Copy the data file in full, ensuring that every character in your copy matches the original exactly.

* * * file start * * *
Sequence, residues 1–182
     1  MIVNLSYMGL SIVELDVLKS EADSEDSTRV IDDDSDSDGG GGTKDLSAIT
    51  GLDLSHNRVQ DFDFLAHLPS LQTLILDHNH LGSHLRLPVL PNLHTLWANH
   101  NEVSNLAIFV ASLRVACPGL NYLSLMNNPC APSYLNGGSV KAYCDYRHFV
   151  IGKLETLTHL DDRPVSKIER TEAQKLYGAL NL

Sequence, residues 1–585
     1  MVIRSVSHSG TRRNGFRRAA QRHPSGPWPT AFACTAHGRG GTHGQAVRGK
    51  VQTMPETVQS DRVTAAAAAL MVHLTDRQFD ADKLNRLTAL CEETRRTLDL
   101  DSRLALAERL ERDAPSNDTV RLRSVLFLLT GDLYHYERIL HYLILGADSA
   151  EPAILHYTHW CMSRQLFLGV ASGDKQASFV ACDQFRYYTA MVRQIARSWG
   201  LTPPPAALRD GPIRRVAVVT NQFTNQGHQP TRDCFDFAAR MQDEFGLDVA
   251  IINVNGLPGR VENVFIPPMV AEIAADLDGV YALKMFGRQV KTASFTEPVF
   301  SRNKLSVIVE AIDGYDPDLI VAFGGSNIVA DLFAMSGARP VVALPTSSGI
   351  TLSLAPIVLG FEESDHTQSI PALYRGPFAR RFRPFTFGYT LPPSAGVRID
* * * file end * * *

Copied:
Sequence, residues 1–182
     1  MIVNLSYMGL SIVELDVLKS EADSEDSTRV IDDDSDSDGG GGTKDLSAIT
    51  GLDLSHNRVQ DFDFLAHLPS LQTLILDHNH LGSHLRLPVL PNLHTLWANH
   101  NEVSNLAIFV ASLRVACPGL NYLSLMNNPC APSYLNGGSV KAYCDYRHFV
   151  IGKLETLTHL DDRPVSKIER TEAQKLYGAL NL

Sequence, residues 1–585
     1  MVIRSVSHSG TRRNGFRRAA QRHPSGPWPT AFACTAHGRG GTHGQAVRGK
    51  VQTMPETVQS DRVTAAAAAL MVHLTDRQFD ADKLNRLTAL CEETRRTLDL
   101  DSRLALAERL ERDAPSNDTV RLRSVLFLLT GDLYHYERIL HYLILGADSA
   151  EPAILHYTHW CMSRQLFLGV ASGDKQASFV ACDQFRYYTA MVRQIARSWG
   201  LTPPPAALRD GPIRRVAVVT NQFTNQGHQP TRDCFDFAAR MQDEFGLDVA
   251  IINVNGLPGR VENVFIPPMV AEIAADLDGV YALKMFGRQV KTASFTEPVF
   301  SRNKLSVIVE AIDGYDPDLI VAFGGSNIVA DLFAMSGARP VVALPTSSGI
   351  TLSLAPIVLG FEESDHTQSI PALYRGPFAR RFRPFTFGYT LPPSAGVRID